Journal of Human Sport and Exercise

The acceptable level of risk-taking for traditional rock climbers

David Chaloupsky



Taking risk with all the consequences inevitably belongs to climbing. Each climber confronts his or her skills with the route he or she has chosen for an ascent. If the route is well protected, the rate of risk the climber takes is lower. If the route is less protected, the level of risk that the climber is exposed to proportionally increases. The aim of the research is to determine the level of risk-taking in traditional climbing on sandstone. We focus on how the level of risk affects climber’s performance and what reserve a climber needs to be able to cope with the higher risk and reduce it? The problem is solved by methods of quantitative research and the sample comprises more than 300 respondents. The results of the research prove a significant difference of climbers’ performance in dependence on rate of risk. Climbers usually reach lower performance according to the grading scale when climbing traditional routes with a higher level of risk.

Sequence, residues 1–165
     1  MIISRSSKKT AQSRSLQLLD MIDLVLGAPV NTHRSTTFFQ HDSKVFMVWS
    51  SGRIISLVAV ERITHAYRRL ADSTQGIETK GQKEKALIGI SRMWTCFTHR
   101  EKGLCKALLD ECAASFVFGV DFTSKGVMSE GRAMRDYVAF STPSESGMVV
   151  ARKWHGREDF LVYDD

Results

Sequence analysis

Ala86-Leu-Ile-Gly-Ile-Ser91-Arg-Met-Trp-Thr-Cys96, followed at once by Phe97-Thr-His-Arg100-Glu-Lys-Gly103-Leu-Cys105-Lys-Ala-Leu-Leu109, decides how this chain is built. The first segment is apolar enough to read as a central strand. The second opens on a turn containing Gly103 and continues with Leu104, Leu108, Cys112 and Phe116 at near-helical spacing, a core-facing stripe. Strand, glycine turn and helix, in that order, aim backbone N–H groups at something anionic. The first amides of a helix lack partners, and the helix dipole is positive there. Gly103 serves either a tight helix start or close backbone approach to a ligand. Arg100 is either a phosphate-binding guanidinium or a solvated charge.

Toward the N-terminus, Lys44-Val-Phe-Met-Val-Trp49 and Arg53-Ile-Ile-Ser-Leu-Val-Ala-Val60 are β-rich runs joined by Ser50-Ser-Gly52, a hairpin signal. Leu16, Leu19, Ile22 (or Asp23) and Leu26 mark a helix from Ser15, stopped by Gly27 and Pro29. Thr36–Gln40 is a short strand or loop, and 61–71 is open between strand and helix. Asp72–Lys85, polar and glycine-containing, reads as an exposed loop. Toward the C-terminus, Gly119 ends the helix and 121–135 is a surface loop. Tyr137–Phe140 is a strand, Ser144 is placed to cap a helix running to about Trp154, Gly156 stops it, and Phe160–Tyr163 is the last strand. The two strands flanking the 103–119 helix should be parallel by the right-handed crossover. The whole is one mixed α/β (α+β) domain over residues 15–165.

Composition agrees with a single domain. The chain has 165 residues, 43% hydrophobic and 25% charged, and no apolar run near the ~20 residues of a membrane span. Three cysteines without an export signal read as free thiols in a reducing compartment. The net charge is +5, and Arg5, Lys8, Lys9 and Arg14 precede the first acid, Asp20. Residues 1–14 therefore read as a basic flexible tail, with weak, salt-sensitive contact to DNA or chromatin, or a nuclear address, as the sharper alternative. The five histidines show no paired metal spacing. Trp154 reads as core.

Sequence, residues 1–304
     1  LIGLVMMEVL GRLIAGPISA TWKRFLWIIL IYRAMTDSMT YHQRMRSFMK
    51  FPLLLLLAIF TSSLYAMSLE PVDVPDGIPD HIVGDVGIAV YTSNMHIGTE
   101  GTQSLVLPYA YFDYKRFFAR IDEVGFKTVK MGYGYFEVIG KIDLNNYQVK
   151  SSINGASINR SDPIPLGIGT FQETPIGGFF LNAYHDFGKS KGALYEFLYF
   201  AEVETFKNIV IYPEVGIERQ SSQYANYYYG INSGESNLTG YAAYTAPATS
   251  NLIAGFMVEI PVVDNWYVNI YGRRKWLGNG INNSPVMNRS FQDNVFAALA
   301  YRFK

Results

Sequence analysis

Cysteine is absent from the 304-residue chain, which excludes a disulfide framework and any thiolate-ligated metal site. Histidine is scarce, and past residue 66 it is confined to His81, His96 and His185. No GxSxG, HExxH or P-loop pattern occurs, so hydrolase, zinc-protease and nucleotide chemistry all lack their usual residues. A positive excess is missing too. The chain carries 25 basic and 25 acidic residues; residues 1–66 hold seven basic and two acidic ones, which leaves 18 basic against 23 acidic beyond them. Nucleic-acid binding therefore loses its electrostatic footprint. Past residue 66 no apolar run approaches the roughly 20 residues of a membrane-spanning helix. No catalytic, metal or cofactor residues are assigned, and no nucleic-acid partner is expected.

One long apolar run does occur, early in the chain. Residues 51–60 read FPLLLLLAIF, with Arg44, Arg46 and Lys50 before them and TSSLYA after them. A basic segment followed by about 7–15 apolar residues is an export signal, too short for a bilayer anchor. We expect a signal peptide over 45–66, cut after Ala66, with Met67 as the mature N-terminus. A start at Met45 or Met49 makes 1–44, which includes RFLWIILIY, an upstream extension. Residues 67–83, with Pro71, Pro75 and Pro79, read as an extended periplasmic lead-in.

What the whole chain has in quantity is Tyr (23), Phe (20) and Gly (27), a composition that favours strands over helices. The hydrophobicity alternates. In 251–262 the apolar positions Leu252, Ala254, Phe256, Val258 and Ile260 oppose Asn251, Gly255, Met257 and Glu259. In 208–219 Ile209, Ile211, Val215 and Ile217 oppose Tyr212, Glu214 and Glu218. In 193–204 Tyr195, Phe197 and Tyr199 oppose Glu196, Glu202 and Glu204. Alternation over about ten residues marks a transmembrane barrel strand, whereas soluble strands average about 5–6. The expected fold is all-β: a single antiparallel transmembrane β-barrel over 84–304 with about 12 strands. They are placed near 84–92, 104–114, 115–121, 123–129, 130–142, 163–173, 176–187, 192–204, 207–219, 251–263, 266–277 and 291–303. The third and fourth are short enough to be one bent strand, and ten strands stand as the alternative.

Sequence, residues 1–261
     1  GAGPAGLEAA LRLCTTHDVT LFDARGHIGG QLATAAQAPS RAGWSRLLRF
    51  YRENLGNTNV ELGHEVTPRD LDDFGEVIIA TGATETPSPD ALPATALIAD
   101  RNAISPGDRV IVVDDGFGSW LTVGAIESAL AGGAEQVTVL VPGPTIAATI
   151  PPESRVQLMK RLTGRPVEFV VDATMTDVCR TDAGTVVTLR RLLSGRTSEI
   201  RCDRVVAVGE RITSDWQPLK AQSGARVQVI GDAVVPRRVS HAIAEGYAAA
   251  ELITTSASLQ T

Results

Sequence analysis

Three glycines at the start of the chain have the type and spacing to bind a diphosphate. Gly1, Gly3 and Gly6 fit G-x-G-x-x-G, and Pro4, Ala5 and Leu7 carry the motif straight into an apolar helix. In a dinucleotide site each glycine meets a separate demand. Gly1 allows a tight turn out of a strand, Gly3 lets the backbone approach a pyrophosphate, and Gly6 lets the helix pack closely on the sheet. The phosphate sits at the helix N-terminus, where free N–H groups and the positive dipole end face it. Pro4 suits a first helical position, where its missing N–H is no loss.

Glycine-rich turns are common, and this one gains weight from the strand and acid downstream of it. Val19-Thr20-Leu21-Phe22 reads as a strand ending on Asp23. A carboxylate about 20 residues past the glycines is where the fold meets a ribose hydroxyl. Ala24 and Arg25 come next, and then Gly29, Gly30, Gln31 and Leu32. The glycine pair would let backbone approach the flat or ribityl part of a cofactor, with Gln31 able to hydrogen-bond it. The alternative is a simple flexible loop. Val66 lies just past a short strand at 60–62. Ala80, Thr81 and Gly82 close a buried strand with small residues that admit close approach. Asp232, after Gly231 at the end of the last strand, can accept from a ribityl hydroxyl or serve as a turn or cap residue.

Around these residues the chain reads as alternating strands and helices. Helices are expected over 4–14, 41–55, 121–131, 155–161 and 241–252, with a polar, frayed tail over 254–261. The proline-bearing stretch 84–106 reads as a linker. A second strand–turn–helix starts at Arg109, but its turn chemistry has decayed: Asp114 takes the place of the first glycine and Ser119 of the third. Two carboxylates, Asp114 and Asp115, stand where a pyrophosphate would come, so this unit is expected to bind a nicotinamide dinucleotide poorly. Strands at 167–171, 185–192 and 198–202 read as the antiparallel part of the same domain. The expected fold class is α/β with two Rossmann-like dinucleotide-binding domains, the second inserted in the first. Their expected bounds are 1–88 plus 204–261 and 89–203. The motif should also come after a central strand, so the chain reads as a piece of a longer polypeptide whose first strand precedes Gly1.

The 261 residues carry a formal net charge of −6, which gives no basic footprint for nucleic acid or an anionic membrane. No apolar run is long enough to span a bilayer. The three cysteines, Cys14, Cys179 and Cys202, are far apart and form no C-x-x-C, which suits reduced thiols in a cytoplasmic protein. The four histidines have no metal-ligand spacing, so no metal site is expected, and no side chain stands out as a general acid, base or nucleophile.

rock climbing, traditional climbing, sandstone climbing, performance, rate of risk


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